Postrelease movements of captive-reared Ozark hellbenders (Cryptobranchus alleganiensis bishopi)

  • Published source details Bodinof C.M., Briggler J.T., Junge R.E., Beringer J., Wanner M.D., Schuette C.D., Ettling J., Gitzen R.A. & Millspaugh J.J (2012) Postrelease movements of captive-reared Ozark hellbenders (Cryptobranchus alleganiensis bishopi). Herpetologica, 68, 160-173.


This study is summarised as evidence for the following.

Action Category

Head-start amphibians for release

Action Link
Amphibian Conservation
  1. Head-start amphibians for release

    A replicated study in 2008–2009 of Ozark hellbenders Cryptobranchus alleganiensis bishop in Missouri, USA (Bodinof et al. 2012) found that 64% of captive-reared animals survived up to a year following release. Five deaths occurred within 30 days of release, three within 50–92 days and five within 126–369 days. Most hellbenders stayed within a small area (90–94%), with only 7% moving over 20 m/day. Home ranges varied widely in the first 4–7 months after release (51–987 m2), but were significantly smaller during the following six months (11–31 m2). Of those that were known to have established a home range, 69% dispersed less than 50 m from the release point. Overall, 77% had entered their core home range within 21 days of release. Thirty-six hellbenders were captive-reared from eggs and were released back to the two original sites. Animals were radio-tracked from May 2008 to August 2009.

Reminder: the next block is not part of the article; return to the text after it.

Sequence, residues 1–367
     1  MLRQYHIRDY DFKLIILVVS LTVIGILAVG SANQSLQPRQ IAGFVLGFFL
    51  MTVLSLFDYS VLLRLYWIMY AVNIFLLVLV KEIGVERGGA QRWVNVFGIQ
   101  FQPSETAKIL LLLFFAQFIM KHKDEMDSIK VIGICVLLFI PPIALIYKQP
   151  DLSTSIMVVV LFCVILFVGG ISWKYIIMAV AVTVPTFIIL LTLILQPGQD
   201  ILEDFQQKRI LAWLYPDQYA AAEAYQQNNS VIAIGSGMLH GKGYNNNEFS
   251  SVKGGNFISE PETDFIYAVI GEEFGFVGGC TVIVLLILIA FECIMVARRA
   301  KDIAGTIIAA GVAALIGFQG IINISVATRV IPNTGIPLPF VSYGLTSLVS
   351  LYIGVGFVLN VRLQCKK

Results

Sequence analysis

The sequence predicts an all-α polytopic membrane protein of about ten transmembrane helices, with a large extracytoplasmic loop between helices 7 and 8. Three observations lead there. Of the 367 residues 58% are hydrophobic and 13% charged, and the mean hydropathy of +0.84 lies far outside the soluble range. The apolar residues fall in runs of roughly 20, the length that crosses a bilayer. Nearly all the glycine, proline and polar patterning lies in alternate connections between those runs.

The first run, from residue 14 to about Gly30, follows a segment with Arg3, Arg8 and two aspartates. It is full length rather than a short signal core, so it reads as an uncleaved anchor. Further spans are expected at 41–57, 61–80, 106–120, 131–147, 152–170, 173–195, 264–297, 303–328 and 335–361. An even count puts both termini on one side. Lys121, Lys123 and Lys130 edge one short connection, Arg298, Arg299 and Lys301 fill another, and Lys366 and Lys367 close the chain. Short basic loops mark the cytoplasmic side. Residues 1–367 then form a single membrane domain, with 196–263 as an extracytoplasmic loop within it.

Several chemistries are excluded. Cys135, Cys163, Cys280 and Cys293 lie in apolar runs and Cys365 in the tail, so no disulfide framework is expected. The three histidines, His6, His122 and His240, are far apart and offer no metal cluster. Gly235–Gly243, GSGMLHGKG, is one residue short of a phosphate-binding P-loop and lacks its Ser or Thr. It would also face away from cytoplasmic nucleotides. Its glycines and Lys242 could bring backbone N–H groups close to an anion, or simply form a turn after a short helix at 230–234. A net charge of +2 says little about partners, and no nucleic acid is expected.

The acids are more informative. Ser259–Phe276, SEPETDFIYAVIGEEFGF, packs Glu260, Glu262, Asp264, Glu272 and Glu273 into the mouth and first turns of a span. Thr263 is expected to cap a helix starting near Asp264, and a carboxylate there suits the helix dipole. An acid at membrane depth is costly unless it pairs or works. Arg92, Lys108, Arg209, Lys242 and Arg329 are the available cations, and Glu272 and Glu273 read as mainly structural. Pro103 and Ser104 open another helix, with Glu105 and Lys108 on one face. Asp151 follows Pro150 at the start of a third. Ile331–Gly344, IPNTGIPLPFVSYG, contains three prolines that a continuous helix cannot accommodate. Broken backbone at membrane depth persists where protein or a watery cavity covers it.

Output references
What Works 2021 cover

What Works in Conservation

What Works in Conservation provides expert assessments of the effectiveness of actions, based on summarised evidence, in synopses. Subjects covered so far include amphibians, birds, mammals, forests, peatland and control of freshwater invasive species. More are in progress.

More about What Works in Conservation

Download free PDF or purchase
The Conservation Evidence Journal

The Conservation Evidence Journal

An online, free to publish in, open-access journal publishing results from research and projects that test the effectiveness of conservation actions.

Read the latest volume: Volume 21

Go to the CE Journal

Discover more on our blog

Our blog contains the latest news and updates from the Conservation Evidence team, the Conservation Evidence Journal, and our global partners in evidence-based conservation.

Who uses Conservation Evidence?

Meet some of the evidence champions

Endangered Landscape ProgrammeRed List Champion - Arc Kent Wildlife Trust The Rufford Foundation Save the Frogs - Ghana Mauritian Wildlife Supporting Conservation Leaders
Sustainability Dashboard National Biodiversity Network Frog Life The international journey of Conservation - Oryx Cool Farm Alliance UNEP AWFA Bat Conservation InternationalPeople trust for endangered species Vincet Wildlife Trust